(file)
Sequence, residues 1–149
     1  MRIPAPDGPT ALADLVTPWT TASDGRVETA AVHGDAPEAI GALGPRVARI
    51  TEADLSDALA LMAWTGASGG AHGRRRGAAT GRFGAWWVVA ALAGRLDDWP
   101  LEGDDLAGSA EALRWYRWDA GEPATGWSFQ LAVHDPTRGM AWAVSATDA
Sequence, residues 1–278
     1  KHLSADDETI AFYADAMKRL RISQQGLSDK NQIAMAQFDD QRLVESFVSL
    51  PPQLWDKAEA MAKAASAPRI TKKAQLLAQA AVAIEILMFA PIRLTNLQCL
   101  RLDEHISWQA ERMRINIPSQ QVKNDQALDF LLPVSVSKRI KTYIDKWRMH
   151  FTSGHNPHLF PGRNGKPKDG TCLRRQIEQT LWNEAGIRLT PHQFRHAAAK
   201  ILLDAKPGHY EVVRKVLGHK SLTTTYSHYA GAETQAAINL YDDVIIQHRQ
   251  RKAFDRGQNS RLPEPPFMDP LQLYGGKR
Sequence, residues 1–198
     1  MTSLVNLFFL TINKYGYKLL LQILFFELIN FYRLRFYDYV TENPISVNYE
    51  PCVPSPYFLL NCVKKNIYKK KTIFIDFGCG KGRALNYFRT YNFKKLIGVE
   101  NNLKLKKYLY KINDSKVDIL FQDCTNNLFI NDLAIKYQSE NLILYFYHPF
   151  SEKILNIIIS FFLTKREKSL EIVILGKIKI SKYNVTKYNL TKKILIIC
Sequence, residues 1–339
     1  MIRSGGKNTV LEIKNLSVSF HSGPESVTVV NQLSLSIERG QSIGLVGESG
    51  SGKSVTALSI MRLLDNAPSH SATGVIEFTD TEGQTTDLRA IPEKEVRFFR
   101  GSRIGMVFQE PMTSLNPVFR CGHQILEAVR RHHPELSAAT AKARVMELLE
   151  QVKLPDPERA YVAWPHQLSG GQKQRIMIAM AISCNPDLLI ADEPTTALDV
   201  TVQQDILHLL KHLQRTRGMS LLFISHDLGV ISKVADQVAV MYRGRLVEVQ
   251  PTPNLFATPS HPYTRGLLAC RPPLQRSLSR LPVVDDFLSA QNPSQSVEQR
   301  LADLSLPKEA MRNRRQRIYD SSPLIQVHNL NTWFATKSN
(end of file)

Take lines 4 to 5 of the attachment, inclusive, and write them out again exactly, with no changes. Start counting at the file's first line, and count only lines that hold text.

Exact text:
   101  LEGDDLAGSA EALRWYRWDA GEPATGWSFQ LAVHDPTRGM AWAVSATDA
Sequence, residues 1–278